Earlier this year I posted a review of DxO PhotoLab 3 over on podfeet.com. In it, I said
The quality of images output from PhotoLab is the best I’ve ever seen. The noise reduction and sharpness are, I believe, industry-leading. The rest of the tools are as good as if not better than the competition.
I also said
I got such great results with new photos that I went back and revisited some old favourite images that I knew were some of my best and have been startled to find they can be made even better with PhotoLab.
That’s the reason behind this post. When I said I went back to some of my favourite images… I did not realise how deep I would go. I have since reprocessed all 100 images from my Wings Over Wairarapa 2015 Flickr album, and also added 16 more images to it.
Then I moved on to the 136 photos from my Singapore album, which I have just finished replacing on Flickr. It is some of these photos that I’d like to share with you the before and after results.
While I chose to process the same photos, I did not attempt to replicate the editorial choices, such as cropping, colour, and orientation. I went through them with fresh eyes, and so some have received a significantly different treatment than before. However, it is important to note that some of these decisions, such as choosing a closer crop, were strongly driven by the quality of results I was able to obtain. Even some photos which were largely unaltered in composition, such as the three examples here, have obvious differences due to PhotoLab 3’s specific treatment of lens distortion which Luminar 3 did not do.
Here is the first image. This is the Cloud Dome in Gardens by the Bay. The full images are shown first but as they are shrunken to fit the page format, what follows is a 750 pixel crop which should, on a large enough screen, be pixel accurate. I have gone for different lighting (the two applications approach light in significantly different ways) but you should be able to see, in the crop at least, the finer detail, such as in the waterfall inside.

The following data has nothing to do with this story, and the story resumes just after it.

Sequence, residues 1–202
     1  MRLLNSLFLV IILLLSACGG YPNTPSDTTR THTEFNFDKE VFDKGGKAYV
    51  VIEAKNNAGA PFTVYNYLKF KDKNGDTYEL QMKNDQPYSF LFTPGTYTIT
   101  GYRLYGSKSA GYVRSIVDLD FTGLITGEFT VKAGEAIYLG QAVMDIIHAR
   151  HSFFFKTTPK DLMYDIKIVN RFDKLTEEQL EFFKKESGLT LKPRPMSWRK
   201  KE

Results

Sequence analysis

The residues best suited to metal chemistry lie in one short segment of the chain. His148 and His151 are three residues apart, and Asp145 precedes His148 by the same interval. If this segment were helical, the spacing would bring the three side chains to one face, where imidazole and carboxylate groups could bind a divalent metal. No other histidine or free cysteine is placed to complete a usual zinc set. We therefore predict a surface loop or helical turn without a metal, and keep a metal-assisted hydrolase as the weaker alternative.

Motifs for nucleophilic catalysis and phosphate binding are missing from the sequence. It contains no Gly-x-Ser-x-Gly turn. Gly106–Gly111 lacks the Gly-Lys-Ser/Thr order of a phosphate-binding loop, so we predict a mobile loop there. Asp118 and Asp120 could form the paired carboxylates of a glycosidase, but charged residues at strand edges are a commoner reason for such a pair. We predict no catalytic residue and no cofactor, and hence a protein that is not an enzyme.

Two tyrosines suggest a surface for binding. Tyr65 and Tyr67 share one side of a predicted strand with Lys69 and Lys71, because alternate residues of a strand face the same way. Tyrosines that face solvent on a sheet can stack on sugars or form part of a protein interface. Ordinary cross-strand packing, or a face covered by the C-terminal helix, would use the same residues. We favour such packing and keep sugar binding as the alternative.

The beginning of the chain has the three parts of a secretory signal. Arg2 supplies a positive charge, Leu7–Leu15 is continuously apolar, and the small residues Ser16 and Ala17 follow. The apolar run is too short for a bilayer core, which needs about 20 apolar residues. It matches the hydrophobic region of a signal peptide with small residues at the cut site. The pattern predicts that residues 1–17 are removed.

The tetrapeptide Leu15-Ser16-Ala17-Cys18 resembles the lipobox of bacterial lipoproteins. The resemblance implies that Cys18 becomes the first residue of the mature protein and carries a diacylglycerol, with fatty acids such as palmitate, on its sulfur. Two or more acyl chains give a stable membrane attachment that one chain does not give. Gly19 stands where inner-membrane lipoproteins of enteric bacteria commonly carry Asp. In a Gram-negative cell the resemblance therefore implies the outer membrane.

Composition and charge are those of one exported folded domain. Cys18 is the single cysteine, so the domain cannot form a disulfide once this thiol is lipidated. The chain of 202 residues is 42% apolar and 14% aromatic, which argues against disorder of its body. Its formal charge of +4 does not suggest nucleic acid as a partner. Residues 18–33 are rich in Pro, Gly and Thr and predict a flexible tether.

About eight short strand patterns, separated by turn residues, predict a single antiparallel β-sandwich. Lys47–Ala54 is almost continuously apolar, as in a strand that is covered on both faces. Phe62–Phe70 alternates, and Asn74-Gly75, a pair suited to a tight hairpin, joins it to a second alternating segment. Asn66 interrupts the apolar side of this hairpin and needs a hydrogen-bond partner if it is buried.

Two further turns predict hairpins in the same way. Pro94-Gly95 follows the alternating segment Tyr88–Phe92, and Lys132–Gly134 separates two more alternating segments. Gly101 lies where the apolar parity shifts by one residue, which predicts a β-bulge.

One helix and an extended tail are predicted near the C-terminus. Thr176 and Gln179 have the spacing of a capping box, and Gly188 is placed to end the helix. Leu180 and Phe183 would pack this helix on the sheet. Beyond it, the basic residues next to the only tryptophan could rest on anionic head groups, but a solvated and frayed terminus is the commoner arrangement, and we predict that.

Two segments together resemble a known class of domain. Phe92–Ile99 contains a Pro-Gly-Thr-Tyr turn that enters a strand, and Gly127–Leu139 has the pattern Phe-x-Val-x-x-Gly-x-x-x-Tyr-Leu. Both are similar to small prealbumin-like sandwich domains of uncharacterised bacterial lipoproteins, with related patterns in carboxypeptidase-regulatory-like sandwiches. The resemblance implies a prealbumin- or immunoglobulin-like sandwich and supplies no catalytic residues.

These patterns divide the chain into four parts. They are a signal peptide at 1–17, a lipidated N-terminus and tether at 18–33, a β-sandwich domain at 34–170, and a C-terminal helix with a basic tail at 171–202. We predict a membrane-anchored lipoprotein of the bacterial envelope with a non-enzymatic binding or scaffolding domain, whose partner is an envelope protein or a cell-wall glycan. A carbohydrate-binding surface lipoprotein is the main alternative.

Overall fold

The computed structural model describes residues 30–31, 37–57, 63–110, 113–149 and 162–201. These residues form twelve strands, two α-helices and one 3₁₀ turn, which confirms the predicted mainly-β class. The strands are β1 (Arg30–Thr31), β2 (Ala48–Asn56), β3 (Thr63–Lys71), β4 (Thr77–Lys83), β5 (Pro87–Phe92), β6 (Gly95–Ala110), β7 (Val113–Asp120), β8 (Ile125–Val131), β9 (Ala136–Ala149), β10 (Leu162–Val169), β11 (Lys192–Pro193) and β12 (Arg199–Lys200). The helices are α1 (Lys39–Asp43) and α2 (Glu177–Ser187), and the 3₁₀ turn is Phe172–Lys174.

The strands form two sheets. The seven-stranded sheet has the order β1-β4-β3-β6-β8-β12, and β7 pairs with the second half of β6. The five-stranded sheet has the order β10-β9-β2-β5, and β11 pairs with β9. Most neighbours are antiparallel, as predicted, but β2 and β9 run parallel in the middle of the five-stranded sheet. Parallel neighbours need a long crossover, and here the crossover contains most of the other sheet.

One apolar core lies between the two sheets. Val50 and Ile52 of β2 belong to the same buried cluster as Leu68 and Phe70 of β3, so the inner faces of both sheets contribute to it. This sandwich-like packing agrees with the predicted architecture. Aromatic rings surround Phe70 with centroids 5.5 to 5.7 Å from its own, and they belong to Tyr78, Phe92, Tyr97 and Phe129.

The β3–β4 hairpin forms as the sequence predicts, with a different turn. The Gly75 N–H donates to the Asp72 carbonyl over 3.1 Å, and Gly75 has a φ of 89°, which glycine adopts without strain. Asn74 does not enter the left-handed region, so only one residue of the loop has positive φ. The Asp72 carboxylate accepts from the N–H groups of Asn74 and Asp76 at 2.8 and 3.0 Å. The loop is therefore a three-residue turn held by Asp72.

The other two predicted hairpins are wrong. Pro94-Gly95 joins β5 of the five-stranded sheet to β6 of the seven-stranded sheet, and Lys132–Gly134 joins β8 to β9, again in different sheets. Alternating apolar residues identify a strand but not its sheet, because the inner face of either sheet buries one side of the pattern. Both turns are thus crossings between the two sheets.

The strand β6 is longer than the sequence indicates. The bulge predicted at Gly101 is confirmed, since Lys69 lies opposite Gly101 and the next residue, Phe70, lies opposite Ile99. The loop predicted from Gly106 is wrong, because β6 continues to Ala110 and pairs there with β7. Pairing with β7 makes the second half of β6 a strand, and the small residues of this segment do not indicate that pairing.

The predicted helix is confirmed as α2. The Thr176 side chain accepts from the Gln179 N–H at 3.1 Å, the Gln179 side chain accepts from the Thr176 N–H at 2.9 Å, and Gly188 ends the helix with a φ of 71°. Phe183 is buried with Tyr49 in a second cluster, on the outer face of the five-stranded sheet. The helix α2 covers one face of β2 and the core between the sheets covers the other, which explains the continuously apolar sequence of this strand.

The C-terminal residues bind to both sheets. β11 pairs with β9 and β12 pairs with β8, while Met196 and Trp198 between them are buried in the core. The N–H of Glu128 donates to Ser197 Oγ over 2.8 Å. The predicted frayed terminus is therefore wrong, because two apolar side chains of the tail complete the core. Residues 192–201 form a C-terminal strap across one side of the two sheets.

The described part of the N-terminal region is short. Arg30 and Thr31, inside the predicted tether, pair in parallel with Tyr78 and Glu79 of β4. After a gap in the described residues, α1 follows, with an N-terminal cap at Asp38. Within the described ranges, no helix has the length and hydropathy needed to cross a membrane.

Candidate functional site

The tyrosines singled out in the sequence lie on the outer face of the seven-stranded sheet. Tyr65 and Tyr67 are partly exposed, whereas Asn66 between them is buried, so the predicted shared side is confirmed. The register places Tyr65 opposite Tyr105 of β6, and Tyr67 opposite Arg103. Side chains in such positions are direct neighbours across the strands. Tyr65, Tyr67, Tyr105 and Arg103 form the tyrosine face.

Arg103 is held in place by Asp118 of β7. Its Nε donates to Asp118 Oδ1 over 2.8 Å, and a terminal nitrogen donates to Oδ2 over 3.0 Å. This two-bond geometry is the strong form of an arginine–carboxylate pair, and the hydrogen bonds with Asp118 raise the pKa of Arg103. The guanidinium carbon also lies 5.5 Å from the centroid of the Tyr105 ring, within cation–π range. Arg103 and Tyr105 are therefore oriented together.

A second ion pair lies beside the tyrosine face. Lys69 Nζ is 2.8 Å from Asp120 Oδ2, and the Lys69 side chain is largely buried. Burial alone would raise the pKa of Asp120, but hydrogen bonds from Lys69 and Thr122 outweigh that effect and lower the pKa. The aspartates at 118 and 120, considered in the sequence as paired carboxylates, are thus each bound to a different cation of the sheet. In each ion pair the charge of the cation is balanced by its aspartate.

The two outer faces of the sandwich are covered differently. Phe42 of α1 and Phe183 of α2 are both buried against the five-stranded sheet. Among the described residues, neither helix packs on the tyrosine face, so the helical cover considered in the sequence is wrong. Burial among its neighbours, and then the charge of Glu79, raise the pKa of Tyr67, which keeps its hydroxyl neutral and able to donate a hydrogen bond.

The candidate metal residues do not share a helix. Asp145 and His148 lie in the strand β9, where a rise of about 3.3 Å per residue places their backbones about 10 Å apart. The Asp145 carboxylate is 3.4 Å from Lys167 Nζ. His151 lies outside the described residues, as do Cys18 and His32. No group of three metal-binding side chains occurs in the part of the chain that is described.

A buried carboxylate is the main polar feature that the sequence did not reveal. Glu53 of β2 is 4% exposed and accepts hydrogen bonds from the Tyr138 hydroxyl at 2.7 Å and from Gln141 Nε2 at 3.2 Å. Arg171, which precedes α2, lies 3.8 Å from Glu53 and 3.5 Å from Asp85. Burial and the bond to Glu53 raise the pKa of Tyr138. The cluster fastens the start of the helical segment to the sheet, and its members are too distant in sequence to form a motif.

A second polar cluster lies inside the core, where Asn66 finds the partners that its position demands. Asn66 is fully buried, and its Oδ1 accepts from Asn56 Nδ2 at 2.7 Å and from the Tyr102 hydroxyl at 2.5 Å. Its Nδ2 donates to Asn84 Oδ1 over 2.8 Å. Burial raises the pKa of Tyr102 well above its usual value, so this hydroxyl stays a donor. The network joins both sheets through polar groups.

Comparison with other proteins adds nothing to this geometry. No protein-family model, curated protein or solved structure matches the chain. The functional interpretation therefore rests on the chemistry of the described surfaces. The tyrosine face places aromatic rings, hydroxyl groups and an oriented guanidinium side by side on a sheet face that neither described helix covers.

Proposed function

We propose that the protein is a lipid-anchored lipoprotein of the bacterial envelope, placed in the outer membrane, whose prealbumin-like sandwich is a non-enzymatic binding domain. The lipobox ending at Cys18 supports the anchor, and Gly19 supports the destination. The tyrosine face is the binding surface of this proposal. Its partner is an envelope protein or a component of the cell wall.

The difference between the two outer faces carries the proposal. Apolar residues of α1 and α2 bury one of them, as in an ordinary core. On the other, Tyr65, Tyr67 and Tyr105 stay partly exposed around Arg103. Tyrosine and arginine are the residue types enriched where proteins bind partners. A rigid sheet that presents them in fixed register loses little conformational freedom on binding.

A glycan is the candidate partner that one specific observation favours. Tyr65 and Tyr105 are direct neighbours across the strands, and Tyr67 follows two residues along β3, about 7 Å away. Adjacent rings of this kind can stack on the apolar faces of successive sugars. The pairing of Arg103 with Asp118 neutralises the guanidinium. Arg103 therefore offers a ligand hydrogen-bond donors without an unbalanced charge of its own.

This next photo is taken inside the Cloud Dome. It features the enormous waterfall that greets you as you first enter the dome. The difference to look for here is the detail in the foliage.
The third and final example is still in Gardens by the Bay, this time in the Supertree Grove during the Garden Rhapsody show (my favourite experience from our week-long trip).
In this image, the clarity of the metal structure of the trees is far crisper and you can also see the noise reduction at work on the sky, giving a smooth colour rather than the textured look of the original.
These are just three examples where I have been able to illustrate the difference. I did find myself over sharpening some images and later dialling that back, but on the whole I am very pleased with the crispness and clarity DxO PhotoLab 3 allows me to wring from my photos. That said, I did struggle to get the lighting as good as I had with Luminar in a handful of cases. That may just be down to operator education, but Luminar was very easy to operate when you just wanted to give a photo a bit of ‘punch’. If I could add the smart lighting and sky adjustment from Luminar into PhotoLab, I think it would be that much better.